Chinese authorities raid church, detain 15 in latest Christian persecution campaign

ReutersA Chinese Christian prays at his home in a village in Shanxi province after Chinese authorities forcibly closed down so-called house churches, according to Christian group China Aid.

A group of 15 Chinese Christians have been detained after more than 20 police officers raided a house church in theSichuan province in the south-west of the country.

Authorities interrupted a Bible study and accused the group of 'illegally gathering a crowd to disturb public order' according to the human rights organisation China Aid.

All of those at the house church were detained for 15 days by police, China Aid said.

Church seating, projectors and air conditioning equipment were confiscated.

Separately, in the southern province of Guangdong police officers raided two house churches.

China Aid reports that at least ten government officials interrupted a prayer meeting at Olive Church on 19 March, accusing them of lacking the authorisation to conduct religious meetings. Twenty members of the congregation were detained but released later on the same day.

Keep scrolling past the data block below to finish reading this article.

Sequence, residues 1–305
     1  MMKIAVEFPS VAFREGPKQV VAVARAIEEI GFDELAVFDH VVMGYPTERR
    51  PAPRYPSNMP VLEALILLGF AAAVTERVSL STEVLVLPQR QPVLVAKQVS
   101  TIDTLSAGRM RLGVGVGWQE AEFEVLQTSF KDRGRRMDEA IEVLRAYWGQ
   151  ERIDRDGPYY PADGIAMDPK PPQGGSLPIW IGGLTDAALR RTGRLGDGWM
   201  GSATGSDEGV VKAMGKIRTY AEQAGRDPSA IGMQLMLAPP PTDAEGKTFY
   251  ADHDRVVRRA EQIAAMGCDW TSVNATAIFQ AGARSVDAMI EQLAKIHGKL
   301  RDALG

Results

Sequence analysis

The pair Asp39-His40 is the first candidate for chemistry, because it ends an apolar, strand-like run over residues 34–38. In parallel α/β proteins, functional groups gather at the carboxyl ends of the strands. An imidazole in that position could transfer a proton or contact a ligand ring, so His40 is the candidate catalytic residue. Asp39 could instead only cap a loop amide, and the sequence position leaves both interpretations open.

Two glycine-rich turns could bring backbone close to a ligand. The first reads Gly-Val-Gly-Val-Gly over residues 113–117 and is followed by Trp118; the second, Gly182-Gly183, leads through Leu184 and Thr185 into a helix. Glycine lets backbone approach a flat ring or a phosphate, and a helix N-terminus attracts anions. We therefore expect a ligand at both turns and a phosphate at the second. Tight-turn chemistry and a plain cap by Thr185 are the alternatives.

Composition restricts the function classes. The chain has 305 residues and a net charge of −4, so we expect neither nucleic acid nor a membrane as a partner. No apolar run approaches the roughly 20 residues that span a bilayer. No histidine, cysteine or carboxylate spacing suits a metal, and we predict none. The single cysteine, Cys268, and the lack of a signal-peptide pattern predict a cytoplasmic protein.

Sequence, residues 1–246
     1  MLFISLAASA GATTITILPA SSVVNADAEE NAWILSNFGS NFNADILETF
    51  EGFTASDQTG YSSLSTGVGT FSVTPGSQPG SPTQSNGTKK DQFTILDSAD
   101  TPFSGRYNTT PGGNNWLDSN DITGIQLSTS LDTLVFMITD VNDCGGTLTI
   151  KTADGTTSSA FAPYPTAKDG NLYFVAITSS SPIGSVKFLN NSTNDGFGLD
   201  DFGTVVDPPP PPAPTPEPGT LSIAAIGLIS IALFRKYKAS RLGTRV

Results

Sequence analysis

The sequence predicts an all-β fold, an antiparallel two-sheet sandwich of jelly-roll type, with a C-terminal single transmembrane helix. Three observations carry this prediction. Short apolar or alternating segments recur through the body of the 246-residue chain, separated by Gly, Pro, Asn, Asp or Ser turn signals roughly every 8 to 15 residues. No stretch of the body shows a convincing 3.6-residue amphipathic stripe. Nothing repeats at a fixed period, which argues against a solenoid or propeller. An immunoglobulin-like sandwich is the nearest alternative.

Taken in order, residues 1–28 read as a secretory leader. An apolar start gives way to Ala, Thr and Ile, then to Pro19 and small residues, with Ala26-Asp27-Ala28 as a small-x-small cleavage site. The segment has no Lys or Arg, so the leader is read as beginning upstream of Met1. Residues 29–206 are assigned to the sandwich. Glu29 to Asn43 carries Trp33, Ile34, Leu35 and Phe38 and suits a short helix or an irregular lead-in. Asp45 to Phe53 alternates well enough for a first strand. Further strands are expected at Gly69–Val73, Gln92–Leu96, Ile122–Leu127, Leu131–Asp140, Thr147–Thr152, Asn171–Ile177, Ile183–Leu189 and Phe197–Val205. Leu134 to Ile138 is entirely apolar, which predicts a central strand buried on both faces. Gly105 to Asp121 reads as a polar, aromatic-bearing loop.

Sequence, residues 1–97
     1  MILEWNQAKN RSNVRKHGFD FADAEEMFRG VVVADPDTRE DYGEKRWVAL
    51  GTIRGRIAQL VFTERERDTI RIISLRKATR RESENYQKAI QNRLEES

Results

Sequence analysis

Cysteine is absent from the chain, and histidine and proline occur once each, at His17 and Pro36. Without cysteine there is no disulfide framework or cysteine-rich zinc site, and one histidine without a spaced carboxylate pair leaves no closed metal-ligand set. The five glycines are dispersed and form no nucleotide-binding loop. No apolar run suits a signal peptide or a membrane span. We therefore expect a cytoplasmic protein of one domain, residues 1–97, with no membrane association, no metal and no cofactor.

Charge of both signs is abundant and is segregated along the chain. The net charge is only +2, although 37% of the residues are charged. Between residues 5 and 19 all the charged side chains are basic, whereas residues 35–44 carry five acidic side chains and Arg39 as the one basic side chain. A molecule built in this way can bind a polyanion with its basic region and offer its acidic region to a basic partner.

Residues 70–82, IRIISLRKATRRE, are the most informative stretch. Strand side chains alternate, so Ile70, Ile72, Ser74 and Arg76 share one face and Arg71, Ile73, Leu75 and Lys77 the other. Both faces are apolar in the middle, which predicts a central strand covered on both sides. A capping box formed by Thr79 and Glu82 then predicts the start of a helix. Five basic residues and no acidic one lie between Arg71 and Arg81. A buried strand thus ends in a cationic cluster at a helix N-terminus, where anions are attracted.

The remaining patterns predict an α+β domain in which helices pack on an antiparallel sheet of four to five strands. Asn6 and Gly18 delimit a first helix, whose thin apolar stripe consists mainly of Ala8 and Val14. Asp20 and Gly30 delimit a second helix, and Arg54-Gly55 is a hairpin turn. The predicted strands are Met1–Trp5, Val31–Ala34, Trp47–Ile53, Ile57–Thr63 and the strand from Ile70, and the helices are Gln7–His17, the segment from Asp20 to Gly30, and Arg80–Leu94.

A second church in the province was also raided and had its possessions seized. The church has since fractured into smaller groups and relocated for the safety of its members, China Aid said.

Persecution in China increased in 2016, according to a recent report by China Aid.

The report found that the number of detained Christians rose from at least 19,426 in 2015 to at least 48,100 in 2016.

Further, 'there were 278 abuse cases, including physical, verbal, mental abuse and torture—42.6% more than in 2015'.

Christians in China must register as members of the government-run Three Self Church.

Many decline to do so and instead attend underground churches outside of government control.

China is increasingly cracking down on what it calls 'illegal gatherings', which are often merely Christians who have come together to worship.